Films don’t win Silver Bears at the Berlinale for nothing. Even in the recently-inaugurated screenplay category, a statuette is a good indicator of a work of merit – it’s probably fair to say, too, that the major European festivals give higher credence to striking visual, cinematographic or otherwise authorial content than they do to documentarians and social realism. Dietrich Brüggemann’s Stations of the Cross1 slides neatly into the festival award-winner mould; a powerful, stripped-back series of one-shot tableaux, much of its effectiveness comes from its style rather than its substance, which, while thoughtful, feels like well-trodden ground. Maybe it’s cynical to consider there to be such a thing as ‘festival cinematography’, but if there was ever a film to utilise it, this is it. Appraising Stations of the Cross on its merits comes with a warning: works so tangibly critically relevant are also often heavily indebted to contemporary, better films, and as such fade away when held up against true radicalism. Brüggemann’s work often rings somehow hollow, as a too-easy and never intimate faux-exploration of religious indoctrination. It is, however, impossible to deride, exactingly photographed and unerringly gripping. As hard to like as its characters, it eventually comes to mimic through its ascetic style the themes it depicts, working finally as an intense study of sacrifice and death.
Everything about this film encapsulates both its serious-minded evocative power and its frequent drabness at once. Its central character, 14-year-old Maria (of course), an anxious Bavarian Catholic becoming obsessed with sainthood and sin, is played by Lea van Acken in a rare child performance that relies on something other than unaffected charm. Instead, Maria is cold, prudish, judgemental, and basically unlikeable. The screenwriter, director Dietrich’s sister Anna, has to take credit for the tenacity to write her like this rather than as the old-beyond-her-years curious rebel we’d usually see entwined in the Church.2 Maria’s characterisation as an adherent whose suffering pushes her deeper into both faith and self-loathing is a more honest depiction of fundamentalism than most would care to admit, and one the film’s strongest points.
It’s disappointing, then, that the development of a narrative to support this character is hampered, rather than aided, by the ‘stations of the cross’ allegory used to structure the film. Each long shot is introduced by a white-text subtitle dryly giving a number and naming the stage of Christ’s ascent of Calvary it purports to match. Viewers familiar with Catholicism will be familiar with the spectrum of human emotion this path explores, with Christ (/Maria) falling under the weight of the cross three times, finding solace in others’ kindness, and eventually meeting his end. But Brüggemann’s insistence on a dialogue-heavy, intensive over expansive scenarism ends up selling this clever structure short. We are intended to read the intransigence of the one-shot, episodic format as a metaphor for Maria’s black-and-white understanding of faith as a series of precarious stepping stones to reaching God, all the while tempted by the devil and gospel music. Depicting her mother (Franziska Weisz) as a heartless Bible-basher, and devoting far more screen time to her venal tirades than to more effective characters like the young, handsome, and somehow slimy priest luring in the Sunday school kids with talk of becoming ‘warriors of Christ’, seems to give over real incisiveness to instead become at times a knock-off modern-life fable. Many scenes are spent waiting for Maria’s mother to explode over a perceived infraction against God in the same way that we spend Haneke or Kieslowski films waiting for a moment of obscenity, violence, or pure id. Here, though, it doesn’t quite work.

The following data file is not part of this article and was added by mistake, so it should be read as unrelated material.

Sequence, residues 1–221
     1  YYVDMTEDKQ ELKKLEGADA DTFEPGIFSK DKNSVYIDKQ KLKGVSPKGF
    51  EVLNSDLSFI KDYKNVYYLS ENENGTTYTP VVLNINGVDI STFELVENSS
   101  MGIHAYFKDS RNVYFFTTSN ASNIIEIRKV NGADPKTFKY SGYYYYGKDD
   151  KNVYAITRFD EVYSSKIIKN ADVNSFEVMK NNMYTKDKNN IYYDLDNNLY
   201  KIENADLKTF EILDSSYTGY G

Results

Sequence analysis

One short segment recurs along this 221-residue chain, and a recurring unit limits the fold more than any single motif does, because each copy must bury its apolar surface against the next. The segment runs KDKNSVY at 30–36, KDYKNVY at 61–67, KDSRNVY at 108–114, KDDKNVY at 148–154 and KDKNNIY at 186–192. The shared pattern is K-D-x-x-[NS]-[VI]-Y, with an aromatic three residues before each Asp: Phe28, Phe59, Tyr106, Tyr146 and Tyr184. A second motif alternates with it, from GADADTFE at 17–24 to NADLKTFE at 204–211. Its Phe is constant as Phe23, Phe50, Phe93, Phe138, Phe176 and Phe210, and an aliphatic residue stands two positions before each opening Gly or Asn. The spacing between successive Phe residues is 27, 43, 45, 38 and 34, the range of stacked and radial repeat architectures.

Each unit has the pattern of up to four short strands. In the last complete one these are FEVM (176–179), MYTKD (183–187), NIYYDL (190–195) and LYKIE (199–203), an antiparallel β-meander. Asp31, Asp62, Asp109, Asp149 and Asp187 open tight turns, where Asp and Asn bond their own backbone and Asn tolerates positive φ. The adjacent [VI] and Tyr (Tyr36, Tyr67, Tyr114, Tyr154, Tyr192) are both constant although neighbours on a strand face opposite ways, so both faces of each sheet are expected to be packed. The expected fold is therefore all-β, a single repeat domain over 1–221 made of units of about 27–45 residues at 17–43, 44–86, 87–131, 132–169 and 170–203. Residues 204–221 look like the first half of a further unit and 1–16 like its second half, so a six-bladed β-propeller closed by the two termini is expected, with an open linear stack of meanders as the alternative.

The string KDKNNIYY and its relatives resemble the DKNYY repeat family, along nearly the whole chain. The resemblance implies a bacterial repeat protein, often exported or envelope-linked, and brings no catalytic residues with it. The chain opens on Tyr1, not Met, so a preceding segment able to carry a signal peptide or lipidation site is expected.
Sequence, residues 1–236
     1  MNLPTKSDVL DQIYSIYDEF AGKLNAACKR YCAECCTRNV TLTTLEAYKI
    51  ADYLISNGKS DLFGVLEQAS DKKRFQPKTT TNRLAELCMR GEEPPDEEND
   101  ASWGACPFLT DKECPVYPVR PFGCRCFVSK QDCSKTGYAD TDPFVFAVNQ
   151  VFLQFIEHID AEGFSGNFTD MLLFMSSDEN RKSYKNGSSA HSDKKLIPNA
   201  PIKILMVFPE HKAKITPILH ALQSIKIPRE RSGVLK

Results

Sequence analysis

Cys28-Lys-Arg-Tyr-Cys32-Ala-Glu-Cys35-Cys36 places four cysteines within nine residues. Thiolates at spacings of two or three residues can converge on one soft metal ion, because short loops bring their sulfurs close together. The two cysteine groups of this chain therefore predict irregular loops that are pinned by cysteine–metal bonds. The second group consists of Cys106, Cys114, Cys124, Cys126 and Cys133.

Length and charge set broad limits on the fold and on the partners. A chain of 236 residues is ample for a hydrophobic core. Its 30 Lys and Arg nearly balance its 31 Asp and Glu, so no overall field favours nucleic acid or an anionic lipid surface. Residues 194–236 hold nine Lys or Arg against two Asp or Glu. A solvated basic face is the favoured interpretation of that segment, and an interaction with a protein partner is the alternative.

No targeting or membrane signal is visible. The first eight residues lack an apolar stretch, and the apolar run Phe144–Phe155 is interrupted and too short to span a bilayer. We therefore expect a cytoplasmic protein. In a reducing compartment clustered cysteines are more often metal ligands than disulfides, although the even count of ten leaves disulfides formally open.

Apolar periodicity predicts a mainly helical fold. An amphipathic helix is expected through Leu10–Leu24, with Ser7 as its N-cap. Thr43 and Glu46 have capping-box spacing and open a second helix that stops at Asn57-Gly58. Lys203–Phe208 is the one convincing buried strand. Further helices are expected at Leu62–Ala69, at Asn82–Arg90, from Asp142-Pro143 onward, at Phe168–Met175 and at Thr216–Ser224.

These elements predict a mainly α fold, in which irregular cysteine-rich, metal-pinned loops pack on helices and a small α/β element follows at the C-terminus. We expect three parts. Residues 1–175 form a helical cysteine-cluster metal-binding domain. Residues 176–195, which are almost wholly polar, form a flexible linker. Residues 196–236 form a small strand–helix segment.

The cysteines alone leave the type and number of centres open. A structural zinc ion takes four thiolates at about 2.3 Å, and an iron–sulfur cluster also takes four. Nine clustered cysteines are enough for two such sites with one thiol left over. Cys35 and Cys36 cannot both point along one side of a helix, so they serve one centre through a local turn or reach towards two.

The other reference point for Stations of the Cross must be Roy Andersson, whose absurdist anthologies tend to employ similar shot duration, lighting and colour palettes, and dialogic stiltedness.3 In this regard, Brüggemann does have the nous to pull off a few formalist flourishes which put the crowd-pleasing long-shot style to good use. When Maria becomes unexpectedly ill and collapses at her Confirmation ceremony, a gilded and frosty cathedral setting is quickly replaced by an exaggeratedly sterile doctor’s office – the association with the evocative visual power of real Via Crucis tableaux4 is a breathtaking piece of film grammar. The final third of the film, depicting Maria’s comedown from her apex of faith, to what was supposed to be her Christlike ascension, hits harder than the rest in total. The indoctrination which causes her to wish to waste away to die free from sin fails to deliver Maria the saintliness it promised, but ends with an indelible image of a school friend watching sod dumped unceremoniously on her grave. For all its faults – many of which appear to be motivated by the critical vogue for a style by which Stations of the Cross would otherwise have come honestly – the film is more than capable of providing moments of profundity, as well as a visual inventiveness which overcomes its strictures to deliver a stark but determined film.